The digital opportunity today is to transform the supply chain from beginning to end. There is a lot of data from the products themselves and from customers’ interactions with ESLs. Retailers can capture that data in real time and analyze it to improve the positioning of products on the shelf and deliver a better shopping experience.

What achievements of the collaboration give you the most satisfaction?

GP: The real challenge is to make an innovative solution run in a real store that operates every day of the week with real customers. Because of its innovative nature, the Virtual Store project involves an ongoing process of assessing how things work and making corrections, and it’s important to work with a real store in order to demonstrate how the solution can benefit real businesses. This project began with a shared, disruptive vision, and the partners worked together to align our teams and identify a customer who was ready to take part. I am proud of our achievement in doing that. There is a lot of enthusiasm for the project from everybody involved.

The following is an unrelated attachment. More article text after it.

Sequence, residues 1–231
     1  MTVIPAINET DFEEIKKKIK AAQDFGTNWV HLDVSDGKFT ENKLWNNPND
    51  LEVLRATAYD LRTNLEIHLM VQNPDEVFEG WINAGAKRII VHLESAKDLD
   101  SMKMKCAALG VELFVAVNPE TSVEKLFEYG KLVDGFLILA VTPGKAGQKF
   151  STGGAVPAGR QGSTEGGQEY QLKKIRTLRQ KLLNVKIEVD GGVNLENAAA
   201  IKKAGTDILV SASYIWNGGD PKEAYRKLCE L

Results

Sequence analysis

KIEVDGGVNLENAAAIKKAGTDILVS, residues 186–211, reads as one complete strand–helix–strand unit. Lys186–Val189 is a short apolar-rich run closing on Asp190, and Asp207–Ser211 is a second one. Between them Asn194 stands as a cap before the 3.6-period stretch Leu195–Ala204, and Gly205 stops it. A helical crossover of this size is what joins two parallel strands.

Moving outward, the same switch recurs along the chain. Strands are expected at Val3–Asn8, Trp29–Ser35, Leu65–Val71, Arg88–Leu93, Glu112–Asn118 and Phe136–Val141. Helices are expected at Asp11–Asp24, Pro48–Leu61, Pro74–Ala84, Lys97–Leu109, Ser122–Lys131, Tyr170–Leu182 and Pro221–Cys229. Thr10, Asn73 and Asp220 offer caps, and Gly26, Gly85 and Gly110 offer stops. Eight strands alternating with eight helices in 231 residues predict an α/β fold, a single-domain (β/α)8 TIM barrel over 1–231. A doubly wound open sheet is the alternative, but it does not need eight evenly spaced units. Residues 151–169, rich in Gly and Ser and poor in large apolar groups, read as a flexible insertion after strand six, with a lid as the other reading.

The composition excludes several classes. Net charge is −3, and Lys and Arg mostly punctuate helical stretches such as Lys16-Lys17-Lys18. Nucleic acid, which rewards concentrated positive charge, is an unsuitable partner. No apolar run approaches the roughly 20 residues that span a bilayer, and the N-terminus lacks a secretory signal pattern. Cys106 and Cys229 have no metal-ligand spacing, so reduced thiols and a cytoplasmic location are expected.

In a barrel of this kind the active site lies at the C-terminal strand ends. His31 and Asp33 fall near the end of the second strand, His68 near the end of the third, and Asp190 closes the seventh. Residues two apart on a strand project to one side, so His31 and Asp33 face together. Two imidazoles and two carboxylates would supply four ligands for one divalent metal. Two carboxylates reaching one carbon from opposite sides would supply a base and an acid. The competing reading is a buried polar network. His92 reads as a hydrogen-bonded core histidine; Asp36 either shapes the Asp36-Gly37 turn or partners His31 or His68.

What is the next step?

GP: There is so much we can do with the Virtual Store, and a lot of our achievements are still ahead of us. The primary aim today is to enable merchandisers, supply chain managers and IT managers to build ultra-efficient stores.

Ultimately, we are providing a powerful application to enable the omnichannel revolution by helping retailers to transform their business. There is potential to embed more modules and functionalities in the future, and retailers could use the 3D model of their store to enhance the online shopping experience for customers. They will be able to reimagine the way they merchandise and promote a product with 3D. ◆